Boarding Pass Breakdown

Anyone who travels much spends a good part of their travel day clutching their boarding pass.  We get it when we check in on-line, we make sure we’ve got it as we head to the airport, we present it to the TSA agent who peers intently at it for a nanosecond, then scribbles on it as we go through the security line, and then we give it to the gate agent.

american_airlines_boarding_pass_aa_198But how much attention do we really give this document that is, briefly, very important to the successful completion of our travel plans?  Other than glancing at it to remember our seat assignment or boarding group, does any traveler actually read their boarding pass?  For most people, at least, it’s as casually ignored as the tags on mattresses or the detailed agate-type agreements you immediately click yes to when you log on to the internet in a hotel.

The New York Post has an interesting article about some of the information on boarding passes — and specifically, how flight numbers are determined.  It turns out that, typically, airlines assign the lowest numbers to their most prestigious, long-distance routes.  Flights heading east or north usually get even numbers, and flights heading west or south get odd numbers.  Flight numbers with four digits starting with the numbers 3 and higher indicate flights operated by airline partners. And some airlines assign special numbers to reflect the destination, like American Airlines assigning the number 1776 to its flight from Boston to Philadelphia.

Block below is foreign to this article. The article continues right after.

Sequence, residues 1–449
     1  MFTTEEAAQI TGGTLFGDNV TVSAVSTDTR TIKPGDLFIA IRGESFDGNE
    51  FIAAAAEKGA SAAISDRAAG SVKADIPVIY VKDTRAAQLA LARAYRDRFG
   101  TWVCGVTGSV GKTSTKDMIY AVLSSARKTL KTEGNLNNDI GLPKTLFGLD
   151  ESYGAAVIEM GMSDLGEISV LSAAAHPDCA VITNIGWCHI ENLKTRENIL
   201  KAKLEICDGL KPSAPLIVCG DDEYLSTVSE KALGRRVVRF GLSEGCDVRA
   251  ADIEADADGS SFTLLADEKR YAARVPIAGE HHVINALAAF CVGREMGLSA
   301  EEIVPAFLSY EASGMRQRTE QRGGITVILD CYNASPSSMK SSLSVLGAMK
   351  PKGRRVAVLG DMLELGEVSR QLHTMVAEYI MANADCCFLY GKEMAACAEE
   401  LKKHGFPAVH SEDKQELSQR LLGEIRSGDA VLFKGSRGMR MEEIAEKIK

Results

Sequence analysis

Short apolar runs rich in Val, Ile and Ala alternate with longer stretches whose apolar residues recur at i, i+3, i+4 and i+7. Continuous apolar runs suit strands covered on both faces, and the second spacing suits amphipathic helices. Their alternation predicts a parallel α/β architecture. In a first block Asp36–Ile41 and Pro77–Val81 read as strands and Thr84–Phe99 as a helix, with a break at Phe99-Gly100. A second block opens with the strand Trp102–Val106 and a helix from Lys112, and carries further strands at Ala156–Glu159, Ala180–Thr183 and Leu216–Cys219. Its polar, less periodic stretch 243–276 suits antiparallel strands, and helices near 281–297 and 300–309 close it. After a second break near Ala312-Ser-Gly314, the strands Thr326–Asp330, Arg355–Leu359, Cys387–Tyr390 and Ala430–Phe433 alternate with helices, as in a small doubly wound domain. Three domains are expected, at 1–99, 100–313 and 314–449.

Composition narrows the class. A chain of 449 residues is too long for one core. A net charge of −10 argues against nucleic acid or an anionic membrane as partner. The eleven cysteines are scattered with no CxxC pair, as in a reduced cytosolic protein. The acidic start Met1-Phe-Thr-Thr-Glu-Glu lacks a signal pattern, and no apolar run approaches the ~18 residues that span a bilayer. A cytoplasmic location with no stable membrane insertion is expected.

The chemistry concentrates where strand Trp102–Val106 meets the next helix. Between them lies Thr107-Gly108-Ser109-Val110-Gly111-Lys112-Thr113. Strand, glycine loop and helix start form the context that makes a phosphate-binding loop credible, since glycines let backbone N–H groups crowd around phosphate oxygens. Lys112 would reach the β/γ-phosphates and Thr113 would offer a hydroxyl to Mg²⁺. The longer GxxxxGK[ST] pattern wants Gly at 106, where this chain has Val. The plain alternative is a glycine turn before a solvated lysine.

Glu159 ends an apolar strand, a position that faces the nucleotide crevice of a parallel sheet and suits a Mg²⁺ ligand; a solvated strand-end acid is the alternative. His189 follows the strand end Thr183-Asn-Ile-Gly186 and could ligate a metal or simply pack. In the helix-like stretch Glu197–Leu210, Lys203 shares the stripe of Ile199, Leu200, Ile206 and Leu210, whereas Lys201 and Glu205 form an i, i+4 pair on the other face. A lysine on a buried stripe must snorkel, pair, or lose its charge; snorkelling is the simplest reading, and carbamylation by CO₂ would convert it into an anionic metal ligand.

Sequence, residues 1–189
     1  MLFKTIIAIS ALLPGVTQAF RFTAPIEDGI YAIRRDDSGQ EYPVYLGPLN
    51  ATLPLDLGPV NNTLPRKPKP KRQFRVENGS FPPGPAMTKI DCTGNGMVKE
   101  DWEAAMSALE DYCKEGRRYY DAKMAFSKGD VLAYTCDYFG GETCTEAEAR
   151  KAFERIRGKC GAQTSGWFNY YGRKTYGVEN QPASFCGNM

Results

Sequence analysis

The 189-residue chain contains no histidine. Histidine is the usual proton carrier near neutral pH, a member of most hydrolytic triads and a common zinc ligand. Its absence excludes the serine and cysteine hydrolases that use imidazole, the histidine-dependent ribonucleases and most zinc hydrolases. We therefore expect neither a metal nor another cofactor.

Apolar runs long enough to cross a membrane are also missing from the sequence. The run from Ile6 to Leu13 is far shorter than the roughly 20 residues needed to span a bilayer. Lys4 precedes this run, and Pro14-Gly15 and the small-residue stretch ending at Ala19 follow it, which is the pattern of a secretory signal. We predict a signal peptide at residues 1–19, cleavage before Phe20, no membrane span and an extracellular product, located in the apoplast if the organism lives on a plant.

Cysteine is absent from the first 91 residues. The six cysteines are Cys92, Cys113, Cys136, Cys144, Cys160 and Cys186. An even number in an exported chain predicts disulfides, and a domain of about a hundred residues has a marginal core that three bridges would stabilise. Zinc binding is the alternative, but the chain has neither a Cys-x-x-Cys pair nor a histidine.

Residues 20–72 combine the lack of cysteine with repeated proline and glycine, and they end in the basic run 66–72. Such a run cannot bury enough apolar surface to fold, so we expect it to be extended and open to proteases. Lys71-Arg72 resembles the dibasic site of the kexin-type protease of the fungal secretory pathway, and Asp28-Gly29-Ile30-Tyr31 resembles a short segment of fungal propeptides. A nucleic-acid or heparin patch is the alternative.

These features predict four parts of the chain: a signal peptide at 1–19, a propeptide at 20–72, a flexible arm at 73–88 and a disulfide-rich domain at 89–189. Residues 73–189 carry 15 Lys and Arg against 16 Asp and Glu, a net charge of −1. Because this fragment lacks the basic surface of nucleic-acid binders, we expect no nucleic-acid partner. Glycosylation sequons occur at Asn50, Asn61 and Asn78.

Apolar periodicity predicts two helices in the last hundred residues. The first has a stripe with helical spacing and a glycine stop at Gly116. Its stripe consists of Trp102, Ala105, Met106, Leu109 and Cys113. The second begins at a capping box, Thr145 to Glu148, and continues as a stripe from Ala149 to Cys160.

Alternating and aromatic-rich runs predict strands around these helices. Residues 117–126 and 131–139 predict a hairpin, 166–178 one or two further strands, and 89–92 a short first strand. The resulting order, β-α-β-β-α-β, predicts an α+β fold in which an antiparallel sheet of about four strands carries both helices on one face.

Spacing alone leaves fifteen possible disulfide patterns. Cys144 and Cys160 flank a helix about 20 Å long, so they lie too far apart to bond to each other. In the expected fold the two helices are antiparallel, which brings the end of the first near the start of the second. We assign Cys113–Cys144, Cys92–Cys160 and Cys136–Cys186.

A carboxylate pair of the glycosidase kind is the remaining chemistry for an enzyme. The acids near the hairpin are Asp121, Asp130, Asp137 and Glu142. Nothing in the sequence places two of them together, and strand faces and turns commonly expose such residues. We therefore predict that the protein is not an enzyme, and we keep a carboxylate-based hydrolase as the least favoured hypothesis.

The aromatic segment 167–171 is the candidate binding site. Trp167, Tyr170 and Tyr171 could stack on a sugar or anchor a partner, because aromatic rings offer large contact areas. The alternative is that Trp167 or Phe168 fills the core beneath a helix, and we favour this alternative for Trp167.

But I think the most interesting fact is that airlines at least give a nod to superstitions in assigning flight numbers.  If you’re flying to Asia, you’re likely to see an 8 in the flight number, because that number is considered lucky in many Asian cultures.  The numbers 13 and 666 are avoided, and when a flight crashes, the flight number gets quietly retired and replaced with another number.  The airlines might be superstitious, or maybe not, but they at least recognize that some of their passengers are.

Just something to think about the next time you’re twiddling you thumbs at the gate, waiting for your flight to board.

Daring To Hope

This is for the Cleveland sports fans out there.  Anyone else is welcome to read it, but they won’t really fully understand it.  They can’t.